Despite the Bible's status as the best-selling and most-read book in history, one exhibit speaks of "Bible poverty," and the fact that roughly 1 billion people have never read the Bible in their native tongue.
 
An organization called IllumiNations, a collaborative effort by Bible translation agencies, is trying to change that. The aim is to have, by 2033, 95 percent of the world's peoples with access to the full Bible, 99.9 percent with at least the New Testament, and 100 percent with at least some parts of the Bible translated into what museum docent William Lazenby called "their heart languages."
 
The exhibit space touting this endeavor is stocked with Bibles and New Testaments in various languages. Hardcover books with blank pages in the exhibit represent the untranslated languages. Wholly untranslated languages are represented by yellow covers, and partially translated tongues are represented by covers with a redder hue.
 
  • Published in Nation

Catholic young women’s initiatives

Attending a Catholic young women's leadership forum taught Michelle Nunez, 23, that "our vocation as women is to be receptive to God's gifts."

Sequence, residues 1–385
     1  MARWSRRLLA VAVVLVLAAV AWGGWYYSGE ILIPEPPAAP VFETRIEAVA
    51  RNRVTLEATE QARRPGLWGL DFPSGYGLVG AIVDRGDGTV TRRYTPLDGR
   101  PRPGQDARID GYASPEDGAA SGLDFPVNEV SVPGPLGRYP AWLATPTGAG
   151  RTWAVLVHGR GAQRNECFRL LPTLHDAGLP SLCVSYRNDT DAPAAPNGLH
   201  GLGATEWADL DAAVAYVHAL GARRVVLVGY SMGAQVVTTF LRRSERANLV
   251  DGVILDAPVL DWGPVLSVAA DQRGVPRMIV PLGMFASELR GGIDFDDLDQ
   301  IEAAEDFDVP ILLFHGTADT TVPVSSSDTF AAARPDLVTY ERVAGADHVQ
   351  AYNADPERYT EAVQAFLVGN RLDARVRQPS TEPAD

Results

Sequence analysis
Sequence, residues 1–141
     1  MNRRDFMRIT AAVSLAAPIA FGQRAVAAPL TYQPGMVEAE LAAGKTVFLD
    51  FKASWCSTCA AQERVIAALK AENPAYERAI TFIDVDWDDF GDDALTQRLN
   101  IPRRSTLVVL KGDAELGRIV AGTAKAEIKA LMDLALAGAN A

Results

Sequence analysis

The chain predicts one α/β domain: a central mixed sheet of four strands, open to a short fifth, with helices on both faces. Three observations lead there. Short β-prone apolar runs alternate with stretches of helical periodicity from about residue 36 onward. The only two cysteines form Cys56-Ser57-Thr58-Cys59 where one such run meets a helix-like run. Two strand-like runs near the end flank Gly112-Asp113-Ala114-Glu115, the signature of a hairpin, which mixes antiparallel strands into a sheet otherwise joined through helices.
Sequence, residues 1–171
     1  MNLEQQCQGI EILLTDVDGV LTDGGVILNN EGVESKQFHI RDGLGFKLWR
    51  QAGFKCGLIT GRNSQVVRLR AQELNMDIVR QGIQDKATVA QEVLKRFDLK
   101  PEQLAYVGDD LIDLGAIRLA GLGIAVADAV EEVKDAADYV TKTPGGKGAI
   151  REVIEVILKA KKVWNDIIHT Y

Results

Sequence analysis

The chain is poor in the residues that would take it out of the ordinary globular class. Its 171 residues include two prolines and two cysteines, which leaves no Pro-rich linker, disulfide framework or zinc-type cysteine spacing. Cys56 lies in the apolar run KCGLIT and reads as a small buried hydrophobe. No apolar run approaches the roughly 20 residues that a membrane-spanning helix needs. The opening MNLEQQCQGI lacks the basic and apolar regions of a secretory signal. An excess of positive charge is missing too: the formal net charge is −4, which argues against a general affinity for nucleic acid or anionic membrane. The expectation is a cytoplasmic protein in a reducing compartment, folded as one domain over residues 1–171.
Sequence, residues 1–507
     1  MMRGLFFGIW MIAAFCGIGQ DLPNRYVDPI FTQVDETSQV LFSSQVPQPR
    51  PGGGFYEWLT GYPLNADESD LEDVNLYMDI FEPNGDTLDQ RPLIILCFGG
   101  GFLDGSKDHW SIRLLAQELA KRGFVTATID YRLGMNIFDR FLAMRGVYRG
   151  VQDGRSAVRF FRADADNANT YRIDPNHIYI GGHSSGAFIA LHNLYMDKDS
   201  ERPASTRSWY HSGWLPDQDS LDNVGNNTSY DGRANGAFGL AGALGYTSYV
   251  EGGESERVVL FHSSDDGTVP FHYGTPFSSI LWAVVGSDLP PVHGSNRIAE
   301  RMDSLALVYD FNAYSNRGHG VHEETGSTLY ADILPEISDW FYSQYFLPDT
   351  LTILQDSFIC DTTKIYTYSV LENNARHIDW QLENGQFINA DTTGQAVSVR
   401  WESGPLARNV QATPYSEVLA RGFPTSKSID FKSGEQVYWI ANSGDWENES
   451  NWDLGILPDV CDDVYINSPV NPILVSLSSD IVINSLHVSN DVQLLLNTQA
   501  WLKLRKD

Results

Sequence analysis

What Nunez learned about the "feminine genius," a term used by St. John Paul II to describe the gifts of women, helps her, a year later, in her volunteer work with immigrants at the Humanitarian Respite Center in McAllen, Texas.
 
Nunez and 300 young women representing dioceses from all 50 states are using their specific gifts to carry out their "action plans" following the June 2016 Given Forum at The Catholic University of America. An initiative of the Council of Major Superiors of Women Religious, the forum brought young Catholic women together for a weeklong immersion in "faith formation, leadership training and networking."